|Terry Boyer (1860 Wood Company) has been making miniature reproduction log cabins since 1990, and just recently adapted his designs into dollhouses, 1 inch scale, so the project was a natural extension for him. This House was actually started in 1990, and finally came into being! All of the wood he uses is vintage, coming from structures in Berks and Lebanon Counties older than 1900, when square nails were still used. Terry also made the fence and bench on the front of the house.|
|Louise Mehaffey (The Glass Place) had to individually fit each window, since each opening was slightly different. She planned the design to match the country, rustic feeling of the house. She had recently expanded her glass crafts to glass beadmaking with an oxygen/propane torch, so she also made several tiny beads, which Barbara Horst made into Mama Bear`s necklace.|
|Barbara Horst (Grumpie`s Corner) has made miniature jointed bears before, but not as a family. Papa Bear, Mama Bear (with beads made by Louise Mehaffey) and Baby Bear (with his own birth certificate) are made of German mohair, and fully jointed. Much of the stitching on these miniature bears is done by hand, and Barbara uses a forceps to stuff them. The legs are filled with tiny glass beads, enabling them to stand alone.|
|Wilfriede Axsmith, dollmaker, creates dolls using techniques she learned as a child in Germany. To make Goldilocks, she sculpted the face, hands and feet from polymer clay. The face was then covered with cloth and painted to give her a unique personality. The body has a wire armature also covered by cloth so she can stand. Her dress was specifically designed to match her personality!|
|Teddi Matz, fraktur artist, decided that Goldilocks would look at the walls and wonder about the `people` who lived there, so she made framed frakturs, or folk art paintings. Of course one had to be "Home Sweet Home", and Baby Bear needed a birth certificate, seen hung over the trunk. Each Goldlocks Project edition will be dated with each Baby Bear`s birth date. The tiniest frame is made from match sticks, and gluing it together rather than to her fingertips was a challenge!|
Steve Smith (Smith Leatherworks) saw the need for a trunk for the bears to store their spare linens. So Terry Boyer carved one from wood, and Steve covered it with vegetable tanned tooling leather, with the straps serving as hinges. He used antique stains to age the leather. The bells on the door are a novelty, but certainly the bears would want a doorbell. Otherwise, who knows whom would wander in!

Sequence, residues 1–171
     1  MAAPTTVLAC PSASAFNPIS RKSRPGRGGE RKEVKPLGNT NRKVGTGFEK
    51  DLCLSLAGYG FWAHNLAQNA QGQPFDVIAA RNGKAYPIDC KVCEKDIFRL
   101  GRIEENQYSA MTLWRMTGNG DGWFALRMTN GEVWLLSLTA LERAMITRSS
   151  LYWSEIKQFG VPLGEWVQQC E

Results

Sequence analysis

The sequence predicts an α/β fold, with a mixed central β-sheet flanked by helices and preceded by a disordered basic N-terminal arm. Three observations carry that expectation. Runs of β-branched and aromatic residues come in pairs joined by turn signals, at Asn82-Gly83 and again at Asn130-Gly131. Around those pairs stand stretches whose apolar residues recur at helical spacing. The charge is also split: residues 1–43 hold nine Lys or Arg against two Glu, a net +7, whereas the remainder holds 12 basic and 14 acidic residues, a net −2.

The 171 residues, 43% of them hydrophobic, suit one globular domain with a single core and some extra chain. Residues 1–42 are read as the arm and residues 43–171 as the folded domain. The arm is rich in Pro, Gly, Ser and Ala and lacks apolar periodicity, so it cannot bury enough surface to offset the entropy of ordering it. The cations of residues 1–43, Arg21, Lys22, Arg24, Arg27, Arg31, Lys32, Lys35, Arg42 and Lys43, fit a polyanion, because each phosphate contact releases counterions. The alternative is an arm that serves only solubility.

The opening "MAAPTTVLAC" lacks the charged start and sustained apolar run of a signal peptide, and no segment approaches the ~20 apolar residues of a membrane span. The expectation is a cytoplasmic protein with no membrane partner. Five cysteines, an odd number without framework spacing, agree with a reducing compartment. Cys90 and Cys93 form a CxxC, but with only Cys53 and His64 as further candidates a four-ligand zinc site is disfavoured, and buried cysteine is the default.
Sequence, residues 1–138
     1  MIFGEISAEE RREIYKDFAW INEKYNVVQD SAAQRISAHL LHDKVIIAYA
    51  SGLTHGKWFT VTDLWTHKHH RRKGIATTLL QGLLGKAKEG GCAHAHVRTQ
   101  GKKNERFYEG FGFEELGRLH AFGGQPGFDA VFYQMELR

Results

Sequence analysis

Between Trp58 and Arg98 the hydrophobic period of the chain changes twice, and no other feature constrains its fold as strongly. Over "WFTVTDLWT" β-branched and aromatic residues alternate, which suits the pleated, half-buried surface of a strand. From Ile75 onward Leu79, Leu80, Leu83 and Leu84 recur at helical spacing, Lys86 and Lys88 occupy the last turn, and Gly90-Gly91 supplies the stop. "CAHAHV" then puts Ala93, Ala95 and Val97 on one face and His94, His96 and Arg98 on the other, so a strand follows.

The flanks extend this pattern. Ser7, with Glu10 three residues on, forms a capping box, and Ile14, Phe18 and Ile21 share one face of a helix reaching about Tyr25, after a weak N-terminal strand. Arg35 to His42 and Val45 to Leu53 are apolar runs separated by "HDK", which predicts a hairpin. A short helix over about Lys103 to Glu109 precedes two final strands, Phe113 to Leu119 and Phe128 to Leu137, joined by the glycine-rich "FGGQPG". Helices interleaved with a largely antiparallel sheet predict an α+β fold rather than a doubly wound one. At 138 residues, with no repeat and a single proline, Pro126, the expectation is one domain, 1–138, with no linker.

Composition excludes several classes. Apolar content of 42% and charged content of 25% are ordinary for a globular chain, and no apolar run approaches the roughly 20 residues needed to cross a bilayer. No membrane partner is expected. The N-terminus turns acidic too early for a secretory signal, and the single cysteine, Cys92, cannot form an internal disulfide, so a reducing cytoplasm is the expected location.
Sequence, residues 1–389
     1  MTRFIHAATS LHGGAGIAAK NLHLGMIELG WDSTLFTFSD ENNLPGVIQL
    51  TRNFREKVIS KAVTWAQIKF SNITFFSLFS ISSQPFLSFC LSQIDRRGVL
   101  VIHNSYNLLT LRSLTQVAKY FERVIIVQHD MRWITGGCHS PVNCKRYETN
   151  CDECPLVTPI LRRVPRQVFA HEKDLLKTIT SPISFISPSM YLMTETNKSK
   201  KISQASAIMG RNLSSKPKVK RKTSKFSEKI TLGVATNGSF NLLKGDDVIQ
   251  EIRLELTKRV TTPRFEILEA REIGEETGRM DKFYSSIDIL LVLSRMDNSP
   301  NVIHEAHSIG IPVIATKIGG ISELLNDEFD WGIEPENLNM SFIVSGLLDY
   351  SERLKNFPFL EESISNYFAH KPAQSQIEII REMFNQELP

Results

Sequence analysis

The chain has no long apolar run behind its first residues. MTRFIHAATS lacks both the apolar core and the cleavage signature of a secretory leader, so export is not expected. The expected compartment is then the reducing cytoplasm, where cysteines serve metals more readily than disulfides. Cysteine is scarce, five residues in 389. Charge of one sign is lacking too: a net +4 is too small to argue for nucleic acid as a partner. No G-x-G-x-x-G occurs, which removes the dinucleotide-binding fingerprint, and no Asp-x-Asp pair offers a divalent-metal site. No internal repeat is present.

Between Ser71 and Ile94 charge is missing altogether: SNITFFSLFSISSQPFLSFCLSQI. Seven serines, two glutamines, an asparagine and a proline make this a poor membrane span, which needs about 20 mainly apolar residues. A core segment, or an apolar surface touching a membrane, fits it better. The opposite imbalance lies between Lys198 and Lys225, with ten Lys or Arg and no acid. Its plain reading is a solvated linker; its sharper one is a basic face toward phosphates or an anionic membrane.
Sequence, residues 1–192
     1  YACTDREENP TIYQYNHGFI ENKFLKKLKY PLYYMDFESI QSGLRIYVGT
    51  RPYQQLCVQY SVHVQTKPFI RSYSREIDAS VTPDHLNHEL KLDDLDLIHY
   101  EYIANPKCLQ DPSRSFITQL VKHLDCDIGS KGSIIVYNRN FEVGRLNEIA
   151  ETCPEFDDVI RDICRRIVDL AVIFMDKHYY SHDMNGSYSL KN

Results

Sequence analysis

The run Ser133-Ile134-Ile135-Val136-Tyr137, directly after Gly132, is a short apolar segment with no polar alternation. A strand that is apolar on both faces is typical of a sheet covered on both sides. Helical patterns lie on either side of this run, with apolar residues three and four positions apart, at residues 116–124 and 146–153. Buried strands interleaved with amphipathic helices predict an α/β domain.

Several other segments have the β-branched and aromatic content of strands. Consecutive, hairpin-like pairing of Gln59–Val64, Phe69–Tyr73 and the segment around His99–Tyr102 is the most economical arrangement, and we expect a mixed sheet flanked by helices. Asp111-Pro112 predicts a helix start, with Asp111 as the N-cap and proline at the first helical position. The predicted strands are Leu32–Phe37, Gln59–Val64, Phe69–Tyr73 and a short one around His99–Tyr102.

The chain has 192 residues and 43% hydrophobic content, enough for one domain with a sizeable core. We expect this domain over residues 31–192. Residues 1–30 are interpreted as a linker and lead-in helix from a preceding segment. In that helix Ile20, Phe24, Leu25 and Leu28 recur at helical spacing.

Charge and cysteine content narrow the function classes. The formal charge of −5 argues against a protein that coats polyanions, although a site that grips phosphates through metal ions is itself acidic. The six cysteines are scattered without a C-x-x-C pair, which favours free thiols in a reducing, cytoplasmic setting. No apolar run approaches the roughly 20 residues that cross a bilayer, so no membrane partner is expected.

|Mary and Dawson Gillaspy (Tin Toys by the Gillaspy`s) are retiring as tin toy makers in 1999, and Dawson will be pursuing the craft of tin miniatures, so this was a perfect chance for him to try out some of his ideas, including the tiny tin sconces over the fireplace and the carriage lantern beside the front door. The spoons and forks were made by Mary, who is looking forward to spending much of her time in retirement pursuing her new interest, hooking rugs.|
David Fisher (Fisher Forge) was bored making the usual hooks and such, and was looking for a fresh challenge. He certainly found it! The strap hinges on the door are only 1 1/2" long, compared to the normal 6" to 6'. And the fireplace needed cooking equipment to make the porridge, so he made the kettle crane and kettle. The "B" on the chimney leaves no doubt this is the Bear Family`s home.
|Beth Gillaspy Allen (The Blue Button) has made miniature quilts before, but not this small. Papa Bear`s quilt is a diagonally set Bear`s Paw, of course. Mama`s is Square in a Square and Baby`s is Split Rail. They were machine pieced and hand quilted, and the batting had to be split in half to make it thin enough. And of course they needed pillows, mattresses and a spare comforter. She made the rug with a Russian punchneedle and one strand of embroidery floss.|
Christine Wert (Folk Art by Chris Wert) decided the Bears needed a honey pot, and of course they needed porridge bowls (with chargers!) and other crockery. The miniature redware pieces were formed by hand, making each piece unique. The planters, filled with greenery by Gene Burkhart, are terra cotta and two are decorated with sgraffito. These are the smallest functional works she has ever produced.
|W. Eugene Burkhart (Burkhart`s Flowers) created the pressed flower designs and the dried floral arrangements to make the house a home, and he was challenged to find plant material small enough! Gene harvests from his own gardens and presses or dries the plant material himself. To get these miniatures, he had to use the smallest forms of plant life and even take some flowers apart. Terry Boyer made the frames and Christine Wert made the planters- a real joint effort.|
|Kari Saragusa (Gander Woodworks) had never considered creating miniature furniture before, even though he has made full size furniture for many years. His woodcarving style has a folk art flavor which lends itself to the decor of the Bear`s home. The furniture is his original design and is constructed of basswood and pine. The project was immensely enjoyable, and he is looking forward to continuing with miniature furniture, and maybe even miniature clocks.|